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RE: User Agent Types

From: Denis Anson <danson@miseri.edu>
Date: Wed, 23 Dec 1998 09:47:58 -0500
To: "'Jon Gunderson'" <jongund@staff.uiuc.edu>, <w3c-wai-ua@w3.org>
Message-ID: <000c01be2e88$7bacba60$665ee0c7@denisans>

See comments scattered below.

-----Original Message-----
From: w3c-wai-ua-request@w3.org [mailto:w3c-wai-ua-request@w3.org]On
Behalf Of Jon Gunderson
Sent: Monday, December 21, 1998 10:27 AM
To: w3c-wai-ua@w3.org
Subject: User Agent Types


I would like to propose the following types of user agent types, with the
following definitiions:

Proposed User Agent Type:
Visual Standard (VS): Rendering of document text content on displays
greater 640x480 resolution with default font sizes less than 48 point.
Examples include mass market browsers like Microsoft Internet Explorer,
Opera and Netscape navigator.

Visual Restricted (VR): Rendering of document text content on displays that
a smaller than 640x480 or with default font sizes greater than 48 point
font.  Examples include screen magnifiers like Zoomtext from AISquared and
Magic from Henter-Joyce for people with visual impairments, and portable
user agent technologies for the mass market.
**Comments here **
I don't know that Magic, Zoomtext, and the like would consider themselves
user agents in the sense that we do.  They don't know that a browser is
running on the computer, so haven't any control over what is rendered, or
how it is rendered.  These products simply modify the visual display,
without any hint of what is going on in the background.

As such, they probably aren't part of our purview.  On the other hand, a
browser that rendered in large font, or on a small screen would be.
** End of Comments **

Multi-Media (MM): Rendering of audio, video or animations from file formats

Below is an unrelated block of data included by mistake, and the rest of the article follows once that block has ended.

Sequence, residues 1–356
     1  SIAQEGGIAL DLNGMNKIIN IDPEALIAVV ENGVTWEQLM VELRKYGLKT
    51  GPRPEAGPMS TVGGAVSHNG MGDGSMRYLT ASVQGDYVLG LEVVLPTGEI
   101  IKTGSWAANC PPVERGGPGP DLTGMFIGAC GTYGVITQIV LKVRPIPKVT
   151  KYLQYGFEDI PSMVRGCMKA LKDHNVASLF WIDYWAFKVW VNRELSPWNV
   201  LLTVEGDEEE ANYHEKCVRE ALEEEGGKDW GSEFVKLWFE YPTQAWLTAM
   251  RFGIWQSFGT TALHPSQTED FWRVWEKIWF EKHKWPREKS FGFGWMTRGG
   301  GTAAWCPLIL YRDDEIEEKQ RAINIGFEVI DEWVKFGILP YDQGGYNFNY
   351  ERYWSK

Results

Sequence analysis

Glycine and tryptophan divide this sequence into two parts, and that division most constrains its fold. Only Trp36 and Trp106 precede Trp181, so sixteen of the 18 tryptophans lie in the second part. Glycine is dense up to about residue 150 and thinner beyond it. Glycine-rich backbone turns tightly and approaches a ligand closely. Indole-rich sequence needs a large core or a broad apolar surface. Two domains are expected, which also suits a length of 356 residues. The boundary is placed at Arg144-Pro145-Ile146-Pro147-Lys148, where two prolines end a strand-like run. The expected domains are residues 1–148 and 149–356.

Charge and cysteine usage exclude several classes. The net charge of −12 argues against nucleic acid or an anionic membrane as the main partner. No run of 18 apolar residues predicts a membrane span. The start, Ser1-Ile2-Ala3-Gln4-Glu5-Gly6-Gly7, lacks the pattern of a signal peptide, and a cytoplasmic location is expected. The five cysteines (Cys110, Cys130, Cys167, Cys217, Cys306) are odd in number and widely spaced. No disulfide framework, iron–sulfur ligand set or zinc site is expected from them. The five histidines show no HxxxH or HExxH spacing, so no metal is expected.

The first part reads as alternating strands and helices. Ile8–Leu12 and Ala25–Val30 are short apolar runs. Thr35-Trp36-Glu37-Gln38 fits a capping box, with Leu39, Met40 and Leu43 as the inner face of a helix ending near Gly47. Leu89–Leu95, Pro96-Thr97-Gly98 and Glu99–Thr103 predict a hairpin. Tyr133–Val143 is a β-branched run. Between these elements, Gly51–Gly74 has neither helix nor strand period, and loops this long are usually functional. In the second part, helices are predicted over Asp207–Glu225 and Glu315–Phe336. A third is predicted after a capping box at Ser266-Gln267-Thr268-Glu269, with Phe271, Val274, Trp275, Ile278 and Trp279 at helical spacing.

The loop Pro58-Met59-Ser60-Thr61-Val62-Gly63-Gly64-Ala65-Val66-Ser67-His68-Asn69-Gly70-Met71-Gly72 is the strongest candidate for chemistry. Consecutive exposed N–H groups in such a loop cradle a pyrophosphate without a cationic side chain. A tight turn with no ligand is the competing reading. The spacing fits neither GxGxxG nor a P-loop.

that contain sampled or compressed sound, bit mapped video or image
information.  Examples include wave, mpeg and avi files.
** Comments Here

Do you want to lump audio and video in the same category?  Some of the
issues are the same, but some are also different.  It might make sense to
break this into Visual Media and Auditory Media categories.  The concept
being the rendering of media in the designated format, rather than
converting from one medium to another.

** End of Comments

Aural (A): Rendering of document text and alternative rendering of non-text
content using text-to-speech synthesis technology.  Examples include screen
reader like Jaws from Henter-Joyce and Outspoken from Alva when used with a
mass market browser and browsers developed for the visually impiared like
pwWebSpeak, IBM Homereader and VPInfoNet.

Braille (B): Rendering of document text and alternative rendering of
non-text content using dynamic Braille display technology.  Examples
include screen readers like Jaws from Henter-Joyce and Outspoken from Alva
when used with a mass market browser.



Jon Gunderson, Ph.D., ATP
Coordinator of Assistive Communication and Information Technology
Division of Rehabilitation - Education Services
University of Illinois at Urbana/Champaign
1207 S. Oak Street
Champaign, IL 61820

Voice: 217-244-5870
Fax: 217-333-0248
E-mail: jongund@uiuc.edu
WWW:	http://www.staff.uiuc.edu/~jongund
	http://www.als.uiuc.edu/InfoTechAccess
Received on Wednesday, 23 December 1998 10:27:47 GMT

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